News Flashes

  • Tharp during a lecture-demonstration of her Treefrog in Stonehenge

    Choreographer Twyla Tharp will be a guest artist at Barnard College in New York City for the 2014–15 school year. Tharp--who is a graduate of Barnard--will give lectures, master classes and workshops during her tenure. This announcement came on the heels of her residency at Barnard this past spring, which culminated in the premiere of Tharp's new piece, Treefrog in Stonehenge, as part of Barnard and Columbia University's annual dance concert in April.

  • William Forsythe will join the faculty of the University of Southern California's Glorya Kaufman School of Dance in fall 2015, as USC enrolls its first group of bachelor of fine arts dance majors.

    Forsythe and USC Kaufman School of Dance director Jodie Gates

    (For more on USC's new dance major, stay tuned for our September issue!) Forsythe, who announced that he will no longer head his own group, The Forsythe Company (though he will remain an artistic advisor), will teach improvisation and choreography at USC. Plans are underway to establish the Choreographic Institute at USC, with Forsythe as artistic director.




Photos from top: by Paul B. Goode, courtesy of Barnard; by Ian Carney, courtesy of USC

Getty Images

Despite worldwide theater closures, the Universal Ballet Competition is keeping The Nutcracker tradition alive in 2020 with an online international competition. The event culminates in a streamed, full-length video of The Virtual Nutcracker consisting of winning entries on December 19. The competition is calling on studios, as well as dancers of all ages and levels, to submit videos by November 29 to be considered.

"Nutcracker is a tradition that is ingrained in our hearts," says UBC co-founder Lissette Salgado-Lucas, a former dancer with Royal Winnipeg Ballet and Joffrey Ballet. "We danced it for so long as professionals, we can't wait to pass it along to dancers through this competition."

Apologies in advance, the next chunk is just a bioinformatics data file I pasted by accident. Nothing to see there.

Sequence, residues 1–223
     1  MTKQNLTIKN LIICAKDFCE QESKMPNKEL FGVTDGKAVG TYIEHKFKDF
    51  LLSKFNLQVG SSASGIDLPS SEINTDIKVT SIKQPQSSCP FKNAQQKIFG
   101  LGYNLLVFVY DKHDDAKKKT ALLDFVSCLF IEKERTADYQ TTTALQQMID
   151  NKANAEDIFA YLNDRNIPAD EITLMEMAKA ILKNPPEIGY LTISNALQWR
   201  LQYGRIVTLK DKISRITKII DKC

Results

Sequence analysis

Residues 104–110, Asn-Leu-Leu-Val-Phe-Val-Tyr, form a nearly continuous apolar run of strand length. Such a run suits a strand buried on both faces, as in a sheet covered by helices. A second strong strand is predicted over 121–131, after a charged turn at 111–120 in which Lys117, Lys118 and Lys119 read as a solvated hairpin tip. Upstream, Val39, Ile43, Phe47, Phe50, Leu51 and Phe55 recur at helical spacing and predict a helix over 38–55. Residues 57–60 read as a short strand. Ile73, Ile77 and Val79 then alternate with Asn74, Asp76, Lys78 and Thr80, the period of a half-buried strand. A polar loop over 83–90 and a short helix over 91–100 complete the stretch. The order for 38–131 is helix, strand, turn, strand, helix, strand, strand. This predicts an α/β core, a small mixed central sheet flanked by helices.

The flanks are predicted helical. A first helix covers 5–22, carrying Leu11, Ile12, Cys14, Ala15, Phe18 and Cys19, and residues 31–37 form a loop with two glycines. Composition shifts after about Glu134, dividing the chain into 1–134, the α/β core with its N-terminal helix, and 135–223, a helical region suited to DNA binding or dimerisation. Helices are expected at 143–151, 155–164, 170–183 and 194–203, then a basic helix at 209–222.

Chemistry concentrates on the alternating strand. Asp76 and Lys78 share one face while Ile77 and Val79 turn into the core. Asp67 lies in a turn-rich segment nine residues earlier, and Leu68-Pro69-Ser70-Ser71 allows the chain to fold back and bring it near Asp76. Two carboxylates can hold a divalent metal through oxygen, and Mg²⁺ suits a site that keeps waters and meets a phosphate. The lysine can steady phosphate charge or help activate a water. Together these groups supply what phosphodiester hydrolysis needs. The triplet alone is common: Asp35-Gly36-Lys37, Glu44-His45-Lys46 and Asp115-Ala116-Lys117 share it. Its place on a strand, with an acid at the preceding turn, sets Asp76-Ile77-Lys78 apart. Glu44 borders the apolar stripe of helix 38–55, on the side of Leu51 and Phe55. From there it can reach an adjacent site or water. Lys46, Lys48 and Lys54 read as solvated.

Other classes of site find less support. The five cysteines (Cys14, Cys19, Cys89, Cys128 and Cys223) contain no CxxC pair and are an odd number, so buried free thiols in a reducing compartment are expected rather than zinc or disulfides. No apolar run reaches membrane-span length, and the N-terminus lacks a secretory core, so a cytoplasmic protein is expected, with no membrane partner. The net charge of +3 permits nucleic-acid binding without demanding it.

Keep reading... Show less
Robbie Sweeny, courtesy Funsch

Christy Funsch's teaching career has taken her from New York City to the Bay Area to Portugal, with a stint in a punk band in between. But this fall—fresh off a Fulbright in Portugal at the Instituto Politécnico de Lisboa, School of Dance (ESD), teaching and researching empathetic embodiment through somatic dance training—Funsch's teaching has taken her to an entirely new location: Zoom. A visiting professor at Slippery Rock University for the 2020–21 academic year, Funsch is adapting her eclectic, boundary-pushing approach to her virtual classes.

Originally from central New York State, Funsch spent 20 years performing in the Bay Area, where she also started her own company, Funsch Dance Experience. "My choreographic work from that time is in the dance-theater experiential, fantasy realm of performance," she says. "I also started blending genres and a lot of urban styles found their way into my choreography."

Keep reading... Show less
Courtesy Meg Brooker

As the presidential election approaches, it's a particularly meaningful time to remember that we are celebrating the centennial of the 19th Amendment, when women earned the right to vote after a decades-long battle.

Movement was more than a metaphor for the fight for women's suffrage—dancers played a real role, most notably Florence Fleming Noyes, who performed her riveting solo Dance of Freedom in 1914 to embody the struggle for women's rights.

This fall, Middle Tennessee State University director of dance Meg Brooker is reconstructing Dance of Freedom on 11 of her students. A Noyes Rhythm teacher and an Isadora Duncan scholar, Brooker is passionate about bringing historic dance practices into a contemporary context.

Keep reading... Show less

Get Dance Business Weekly in your inbox

Sign Up Used in accordance with our Privacy Policy.